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Shine bright

Innovative ideas win top prizes at competition for women and gender-diverse students

By Susan White

A PhD student who aims to protect wild fish stocks by producing food made from insects was a big winner at Illuminate last week.

Jessika Lamarre, founder of Invertable, took home multiple awards at the inaugural pitch competition for women and gender-diverse students hosted by the Memorial Centre for Entrepreneurship (MCE).

Invertable won the Diamond Award for the overall winner as well as the Leadership Award, Social Impact Award and Community Choice Award, which was voted on by the live audience.

Jessika Lamarre, a white woman in her late 20s, stands behind a table with her arms behind her back. Four glass awards rest on the table.
Jessika Lamarre won four of five awards at Illuminate, a pitch competition for women and gender-diverse students.
Photo: Rich Blenkinsopp

PureFlow, founded by mechanical engineering students Hannah Doyle and Kamsi Ifeanyichukwu, was the runner-up with the Promising Idea Award.

Sustainable solution

Ms. Lamarre is currently studying cognitive and behaviour ecology at the Faculty of Science.

She started Invertable in a shed in her backyard shortly after leaving her career as a dietitian to return to school.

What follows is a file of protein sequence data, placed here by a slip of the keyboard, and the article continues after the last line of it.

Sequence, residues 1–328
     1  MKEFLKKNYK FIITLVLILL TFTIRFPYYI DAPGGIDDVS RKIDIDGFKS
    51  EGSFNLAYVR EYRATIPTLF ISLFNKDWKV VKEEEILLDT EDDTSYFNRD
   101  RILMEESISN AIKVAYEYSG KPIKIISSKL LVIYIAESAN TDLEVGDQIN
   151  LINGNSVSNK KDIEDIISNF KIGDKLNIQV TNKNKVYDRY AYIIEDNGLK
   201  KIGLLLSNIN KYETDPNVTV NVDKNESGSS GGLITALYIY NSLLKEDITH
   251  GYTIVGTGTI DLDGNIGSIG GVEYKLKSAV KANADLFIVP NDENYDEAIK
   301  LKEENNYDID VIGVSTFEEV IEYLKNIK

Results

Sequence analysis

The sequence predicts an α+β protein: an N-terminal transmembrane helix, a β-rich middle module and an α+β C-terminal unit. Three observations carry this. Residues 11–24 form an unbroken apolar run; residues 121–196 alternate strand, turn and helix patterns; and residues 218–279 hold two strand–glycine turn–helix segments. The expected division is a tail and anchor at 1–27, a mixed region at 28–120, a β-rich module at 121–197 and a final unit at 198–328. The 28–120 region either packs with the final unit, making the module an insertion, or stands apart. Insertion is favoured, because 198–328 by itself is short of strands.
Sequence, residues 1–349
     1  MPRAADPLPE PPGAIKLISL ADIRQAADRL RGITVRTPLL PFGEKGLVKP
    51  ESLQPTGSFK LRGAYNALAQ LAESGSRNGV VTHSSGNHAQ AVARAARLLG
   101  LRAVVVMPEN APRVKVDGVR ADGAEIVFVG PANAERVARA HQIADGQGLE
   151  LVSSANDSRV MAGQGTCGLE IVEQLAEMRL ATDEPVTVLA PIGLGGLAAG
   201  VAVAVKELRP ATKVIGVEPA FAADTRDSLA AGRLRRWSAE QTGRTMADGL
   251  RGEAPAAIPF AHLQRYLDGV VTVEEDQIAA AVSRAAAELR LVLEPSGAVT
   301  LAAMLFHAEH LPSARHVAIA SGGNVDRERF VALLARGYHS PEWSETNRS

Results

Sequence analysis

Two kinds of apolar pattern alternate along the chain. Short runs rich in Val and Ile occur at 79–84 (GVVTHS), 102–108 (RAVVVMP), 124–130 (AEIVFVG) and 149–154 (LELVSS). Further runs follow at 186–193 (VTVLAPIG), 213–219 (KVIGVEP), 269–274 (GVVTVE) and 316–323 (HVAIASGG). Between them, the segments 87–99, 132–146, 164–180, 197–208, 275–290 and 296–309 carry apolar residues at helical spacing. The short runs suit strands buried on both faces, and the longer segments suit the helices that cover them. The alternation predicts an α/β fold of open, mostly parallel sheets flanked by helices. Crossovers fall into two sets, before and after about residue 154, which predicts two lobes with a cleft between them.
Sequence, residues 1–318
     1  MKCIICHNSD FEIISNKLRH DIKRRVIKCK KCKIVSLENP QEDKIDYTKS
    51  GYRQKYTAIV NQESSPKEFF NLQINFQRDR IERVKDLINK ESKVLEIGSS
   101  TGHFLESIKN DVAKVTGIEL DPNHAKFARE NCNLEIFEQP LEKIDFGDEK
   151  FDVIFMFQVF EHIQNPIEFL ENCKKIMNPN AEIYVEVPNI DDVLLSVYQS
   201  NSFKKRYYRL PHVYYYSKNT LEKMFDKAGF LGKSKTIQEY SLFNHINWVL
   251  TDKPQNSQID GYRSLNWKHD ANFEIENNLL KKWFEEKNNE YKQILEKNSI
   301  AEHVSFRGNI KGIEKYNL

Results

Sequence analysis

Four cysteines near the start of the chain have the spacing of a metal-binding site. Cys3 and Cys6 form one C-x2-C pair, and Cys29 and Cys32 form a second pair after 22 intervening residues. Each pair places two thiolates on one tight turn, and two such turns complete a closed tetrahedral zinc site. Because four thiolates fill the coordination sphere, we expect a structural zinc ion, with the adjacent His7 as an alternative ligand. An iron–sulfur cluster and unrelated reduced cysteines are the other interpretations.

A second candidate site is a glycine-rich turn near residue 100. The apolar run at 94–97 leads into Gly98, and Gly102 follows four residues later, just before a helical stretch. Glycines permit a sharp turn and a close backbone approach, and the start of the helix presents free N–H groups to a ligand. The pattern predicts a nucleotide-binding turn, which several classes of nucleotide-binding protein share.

“My background made me very aware of the cognitive benefits that we get from consuming fish,” she said. “When I came back to school to become a biologist, it was obvious that there is a dichotomy between how important of a resource fish is to us and the way we overfish them and treat the marine environment altogether.

“Aquaculture could be a good solution to move away from harming wild stocks,” she continued, “but that’s only if we stop using wild stocks as a source of food for our farmed fish.”

The solution, she believes, is food made from insects that have an equivalent nutritional profile.

That’s where the shed comes in.

“It’s heartwarming to see that people with all kinds of expertise agree that sustainability can be lucrative and is worth investing in.” — Jessika Lamarre

Last summer, she began experimenting with creating a substrate to feed mealworms and crickets, later testing each new batch of insects in a lab to verify its nutritional profile.

While the substrate isn’t quite where she wants it to be yet, she hopes to achieve a minimum viable product by next summer.

Her winnings — $7,500 in total — will go towards financing lab analysis, speeding up product development and planning to scale her business.

“It’s such an honour to receive this validation, not only from entrepreneurs, but also from the general public,” said Ms. Lamarre. “Since my business is all about sustainability, it’s heartwarming to see that people with all kinds of expertise agree that sustainability can be lucrative and is worth investing in.”

Deanne McCarthy, chief executive officer (CEO) of Swiftsure, will provide mentoring as part of the Diamond Award; MCE is the award sponsor.

“Receiving the Promising Idea Award . . . serves as a powerful validation of our dedication and hard work.” — Kamsi Ifeanyichukwu

Constanza Safatle, CEO of Newbornlander, will provide mentoring as part of the Social Impact Award; Memorial’s Centre for Social Enterprise is the award sponsor.

Jennifer Bessell, CEO, Newfoundland and Labrador Organization of Women Entrepreneurs, will provide mentoring as part of the Leadership Award; NLOWE is the award sponsor.